Michelle O'Neill: Sinn Fein deputy leader called on to step down by DUP after breaking social distancing at IRA funeral

Controversy puts power-sharing between two parties at risk

 

Rory Sullivan
Thursday 02 July 2020 18:13
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Deputy first minister Michelle O'Neill attends the funeral of Bobby Storey in west Belfast on 30 July, 2020.
Deputy first minister Michelle O'Neill attends the funeral of Bobby Storey in west Belfast on 30 July, 2020.

The DUP has called on the vice president of Sinn Fein to stand down from her role as deputy first minister of Northern Ireland, as police investigate allegations that she and other politicians broke social distancing guidance during the funeral of an IRA veteran earlier this week.

Michelle O'Neill and other senior Sinn Fein politicians attended the funeral of Bobby Storey in west Belfast on Tuesday, which appeared to breach a lockdown rule limiting outdoor public gatherings to a maximum of 30 people.

Jeffrey Donaldson, a DUP MP, said on Thursday that Ms O'Neill should step aside pending an investigation by the Police Service of Northern Ireland (PSNI) into her actions.

Mr Donaldson added that Arlene Foster, the DUP leader who is first minister of Northern Ireland, had written a letter to Ms O'Neill laying out the party's position.

He said: "The law on these matters is clear and what happened at that funeral has sent out a very, very bad message to people in Northern Ireland."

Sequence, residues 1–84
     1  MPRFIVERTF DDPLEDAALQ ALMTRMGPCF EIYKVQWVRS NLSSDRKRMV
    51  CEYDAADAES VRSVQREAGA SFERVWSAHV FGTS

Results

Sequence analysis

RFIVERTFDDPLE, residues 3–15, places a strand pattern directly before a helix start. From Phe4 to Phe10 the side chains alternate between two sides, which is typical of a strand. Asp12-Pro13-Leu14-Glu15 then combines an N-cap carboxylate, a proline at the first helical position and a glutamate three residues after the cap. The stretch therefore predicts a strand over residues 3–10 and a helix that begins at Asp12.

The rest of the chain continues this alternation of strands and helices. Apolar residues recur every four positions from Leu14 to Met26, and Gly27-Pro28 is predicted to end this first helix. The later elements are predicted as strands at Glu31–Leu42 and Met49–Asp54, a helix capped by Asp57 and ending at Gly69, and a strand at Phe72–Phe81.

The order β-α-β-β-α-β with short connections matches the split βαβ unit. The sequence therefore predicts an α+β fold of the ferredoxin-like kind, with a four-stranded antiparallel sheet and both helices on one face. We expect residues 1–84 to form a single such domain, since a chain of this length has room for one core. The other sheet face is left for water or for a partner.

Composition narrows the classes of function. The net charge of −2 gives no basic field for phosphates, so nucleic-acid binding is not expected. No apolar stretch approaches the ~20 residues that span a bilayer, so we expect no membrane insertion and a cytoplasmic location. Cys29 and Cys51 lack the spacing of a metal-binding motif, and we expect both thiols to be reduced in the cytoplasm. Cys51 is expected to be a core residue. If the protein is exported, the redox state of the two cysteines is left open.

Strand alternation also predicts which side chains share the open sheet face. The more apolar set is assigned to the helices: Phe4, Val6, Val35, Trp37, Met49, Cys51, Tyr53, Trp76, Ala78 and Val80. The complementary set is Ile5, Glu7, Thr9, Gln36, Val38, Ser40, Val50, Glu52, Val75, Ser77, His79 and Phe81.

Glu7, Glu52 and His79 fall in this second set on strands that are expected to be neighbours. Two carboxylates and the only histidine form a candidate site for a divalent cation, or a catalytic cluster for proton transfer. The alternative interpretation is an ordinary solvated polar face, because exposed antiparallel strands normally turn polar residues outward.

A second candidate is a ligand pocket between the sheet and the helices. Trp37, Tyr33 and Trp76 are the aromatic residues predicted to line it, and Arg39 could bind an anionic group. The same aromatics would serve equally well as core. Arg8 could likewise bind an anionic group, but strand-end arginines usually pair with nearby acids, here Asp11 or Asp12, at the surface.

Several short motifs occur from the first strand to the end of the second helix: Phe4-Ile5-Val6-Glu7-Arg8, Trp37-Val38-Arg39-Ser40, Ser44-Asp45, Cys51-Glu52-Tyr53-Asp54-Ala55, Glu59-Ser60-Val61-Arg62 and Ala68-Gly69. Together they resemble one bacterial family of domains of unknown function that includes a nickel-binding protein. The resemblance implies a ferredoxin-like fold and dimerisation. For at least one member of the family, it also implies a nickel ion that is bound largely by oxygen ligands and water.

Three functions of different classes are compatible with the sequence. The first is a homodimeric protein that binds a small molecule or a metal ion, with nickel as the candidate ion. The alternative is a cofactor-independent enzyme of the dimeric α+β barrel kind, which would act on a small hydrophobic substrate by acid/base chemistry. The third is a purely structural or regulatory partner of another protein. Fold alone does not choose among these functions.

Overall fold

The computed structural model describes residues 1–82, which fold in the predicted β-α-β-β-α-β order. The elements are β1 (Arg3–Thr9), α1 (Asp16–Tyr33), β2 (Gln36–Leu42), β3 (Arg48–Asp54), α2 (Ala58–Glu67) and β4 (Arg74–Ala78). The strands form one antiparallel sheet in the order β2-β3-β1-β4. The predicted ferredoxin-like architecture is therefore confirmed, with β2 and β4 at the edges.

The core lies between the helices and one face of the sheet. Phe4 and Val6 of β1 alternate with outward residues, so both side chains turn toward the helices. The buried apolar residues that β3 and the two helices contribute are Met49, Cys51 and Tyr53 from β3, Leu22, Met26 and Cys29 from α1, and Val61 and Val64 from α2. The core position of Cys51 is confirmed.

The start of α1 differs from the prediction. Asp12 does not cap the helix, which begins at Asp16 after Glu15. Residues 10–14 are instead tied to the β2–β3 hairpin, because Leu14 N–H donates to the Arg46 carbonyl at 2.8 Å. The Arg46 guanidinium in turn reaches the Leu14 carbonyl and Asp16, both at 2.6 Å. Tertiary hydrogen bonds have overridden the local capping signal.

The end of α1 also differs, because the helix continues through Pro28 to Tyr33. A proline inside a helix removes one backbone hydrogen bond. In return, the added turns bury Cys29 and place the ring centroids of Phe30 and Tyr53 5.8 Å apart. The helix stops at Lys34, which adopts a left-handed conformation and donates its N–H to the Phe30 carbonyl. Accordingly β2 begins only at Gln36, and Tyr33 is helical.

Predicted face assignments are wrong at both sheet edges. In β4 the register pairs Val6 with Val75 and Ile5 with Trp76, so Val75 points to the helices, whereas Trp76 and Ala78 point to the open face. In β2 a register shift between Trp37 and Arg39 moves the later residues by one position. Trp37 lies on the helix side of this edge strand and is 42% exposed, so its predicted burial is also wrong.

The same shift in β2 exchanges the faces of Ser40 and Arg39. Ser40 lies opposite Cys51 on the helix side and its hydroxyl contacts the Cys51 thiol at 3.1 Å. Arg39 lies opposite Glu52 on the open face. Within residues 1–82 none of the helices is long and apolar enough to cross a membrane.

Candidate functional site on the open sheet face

"In light of the failure of Sinn Fein yesterday to grasp the opportunity to apologise, it is our view that the deputy first minister must now step back from her role while these matters are investigated by the PSNI," Mr Donaldson added.

As well as the police investigation, the DUP will be asking the standards authorities at Stormont to look into whether the politicians who attended the funeral breached the Northern Ireland Assembly's code of conduct.

Colum Eastwood, the leader of the Social Democratic and Labour Party (SDLP), has also called on the deputy first minister to quit, saying his party would not have allowed him to remain in charge if he had broken the coronavirus regulations.

Mr Eastwood told the BBC: "The point isn't that she accidentally broke some obscure piece of guidance - she broke the guidance that she set out, that she argued for, that she stood over and made the case for, rightly and sensibly, but then decided to set that all aside because, I think, for Sinn Fein, they believe that there is one rule for them and one rule for everyone else."

During a committee evidence session on Wednesday, Ms O'Neill defended most of her actions.

The deputy first minister said: "I can stand over my actions. I have led through this pandemic from the front, I will continue to lead from the front and I continue to work within the regulations and encourage everybody to stick within the regulations and the guidance as we have set out."

"I do think it's unfortunate that a lot of the charges that are being levelled towards me are political points scoring, as opposed to actually being about the rules," she added.

However, Ms O'Neill did admit that a photo of her posing near two men, one with his arm on her shoulder, happened in a "blink of an eye" and "should not have happened".

Making it clear she would not be quitting her role because of the controversy, she added that the funeral's cortege was limited to 30 people and that social distancing was "exemplary" inside the church.

Other prominent Sinn Fein members who were at the funeral include its president Mary Lou McDonald and former leader Gerry Adams.

Speaking about the mass gathering, Brandon Lewis, the Northern Ireland secretary, told BBC Radio Ulster: "I can understand people's frustrations. It's not something I would have done."

Northern Ireland has so far recorded 5,761 infections and 551 deaths caused by the virus.

Additional reporting from PA

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